Startups deal with time management issues quite frequently. When you think about it, startups are at its most successful when the operators finally key in on what their business should be and execute it. Start small, grow it, scale it and BOOM… success! The period where you are “trying to understand” is when time is not your friend. Anyone who works in this world knows that having a great idea is only one piece of the pie. You need to manage cash on hand, cash flow, employee moral and investor satisfaction at any given stage; even when nothing looks like it is working. At Billaway, it took us almost two years to fully understand what we are doing. We were predominately self-funded at the beginning (along with some investment from a few brave angels) and used this time to find the perfect fit for our service. Time was not on our side and it still isn’t.
Like a lot of business owners, I’m constantly time poor. I have work partners who sometimes set up meetings that don’t have a focus, only to re-schedule it again to have the real discussion. I deal with executives from company’s where I act as a board member who need to be managed and reminded of their roles and responsibilities. I have people who are trying to sell me something that will “help” my business and the list goes on and on. What people need to realize too that in addition to business time, it’s the people in our personal lives that take more time than most and this ultimately takes away from the focus I need to keep our company alive. Have you ever heard the statement ‘Bill Gates has the same number of hours in his day as yours’ and ever thought how does he accomplish so much more? I think time management (intelligence and resources aside) has a lot to do with it, hence his success.
This past weekend, I had a bit of a time management meltdown. I am generally great at getting more done in a day than most, but this weekend I didn’t do what I needed to and it really had an impact on me. I realized on Sunday that I need to be more careful with my time and prioritize it over everything else. I hate not getting things done and I had plenty of time to complete all. It’s my own fault. I think about time as a commodity that needs to be protected, preserved and it needs to be “spent” on activities that are worthy of it. Spend it on activities that have real value. There are always going to be ways to make more money, however, time is the bank account that when it empties, there is no way to earn more. I know how valuable my time is and what I need to do to make the most of it.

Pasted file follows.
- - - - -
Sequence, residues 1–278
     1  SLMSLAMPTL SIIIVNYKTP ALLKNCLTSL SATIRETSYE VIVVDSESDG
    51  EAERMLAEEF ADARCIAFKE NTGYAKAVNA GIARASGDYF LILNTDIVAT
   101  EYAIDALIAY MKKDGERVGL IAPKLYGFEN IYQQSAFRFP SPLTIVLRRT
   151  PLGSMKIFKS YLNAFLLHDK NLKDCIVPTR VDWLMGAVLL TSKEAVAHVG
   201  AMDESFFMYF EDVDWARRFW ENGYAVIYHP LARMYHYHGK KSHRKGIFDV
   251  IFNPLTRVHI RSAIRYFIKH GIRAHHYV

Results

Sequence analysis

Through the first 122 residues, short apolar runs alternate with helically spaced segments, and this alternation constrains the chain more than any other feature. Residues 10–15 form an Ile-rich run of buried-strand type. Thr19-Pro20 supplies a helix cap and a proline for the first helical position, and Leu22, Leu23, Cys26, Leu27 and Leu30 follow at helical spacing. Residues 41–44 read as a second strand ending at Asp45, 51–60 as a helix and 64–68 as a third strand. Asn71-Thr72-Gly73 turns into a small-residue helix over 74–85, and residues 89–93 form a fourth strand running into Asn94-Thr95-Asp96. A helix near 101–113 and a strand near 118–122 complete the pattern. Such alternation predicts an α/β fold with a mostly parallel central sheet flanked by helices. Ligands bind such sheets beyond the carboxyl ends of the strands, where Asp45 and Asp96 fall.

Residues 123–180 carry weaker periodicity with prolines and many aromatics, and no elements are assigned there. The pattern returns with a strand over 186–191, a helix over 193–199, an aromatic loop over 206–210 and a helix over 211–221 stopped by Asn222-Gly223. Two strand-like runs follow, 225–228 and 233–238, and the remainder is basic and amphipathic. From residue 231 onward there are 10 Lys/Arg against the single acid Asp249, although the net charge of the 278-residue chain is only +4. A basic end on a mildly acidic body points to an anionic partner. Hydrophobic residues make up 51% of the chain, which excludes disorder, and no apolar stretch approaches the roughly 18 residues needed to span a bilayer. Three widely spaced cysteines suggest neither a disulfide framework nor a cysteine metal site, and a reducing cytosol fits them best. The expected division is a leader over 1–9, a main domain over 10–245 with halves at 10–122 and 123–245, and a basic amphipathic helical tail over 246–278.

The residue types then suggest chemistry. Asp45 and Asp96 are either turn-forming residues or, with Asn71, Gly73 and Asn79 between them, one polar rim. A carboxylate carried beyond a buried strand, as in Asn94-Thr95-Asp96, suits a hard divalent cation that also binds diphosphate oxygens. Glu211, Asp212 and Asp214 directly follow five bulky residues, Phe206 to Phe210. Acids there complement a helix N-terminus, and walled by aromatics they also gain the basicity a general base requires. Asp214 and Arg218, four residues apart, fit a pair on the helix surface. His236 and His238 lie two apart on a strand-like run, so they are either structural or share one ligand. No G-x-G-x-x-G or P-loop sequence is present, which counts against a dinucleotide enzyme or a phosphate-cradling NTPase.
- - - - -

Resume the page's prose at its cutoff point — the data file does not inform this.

Billaway is on a super time management purge as we speak, perhaps driven by my own purge of time wasters. We are examining how much time is spent on calls, meetings, what is getting done each day and where we can extract more time out of our day. Being an analytical bunch, our goal is to constantly ask “is this worth it?”.
I have a calendar reminder set that pops up every hour now asking this very question – “are you doing something that is worth your time?” I know, it sounds a bit much, but in just a few hours of setting it up, it helped. I don’t spend any time on things that don’t correlate to my benefit as the CEO of Billaway or for me in my personal life. Try it. Then ask yourself; “am I spending my time on the things that will enrich my life, make me happier, enable me to be more successful or simply add meaning to my life. If the answer is yes, this is a good activity, if it’s a no you need to reassess and make sure your time isn’t being taken from you by people and activities that absolutely do not deserve it.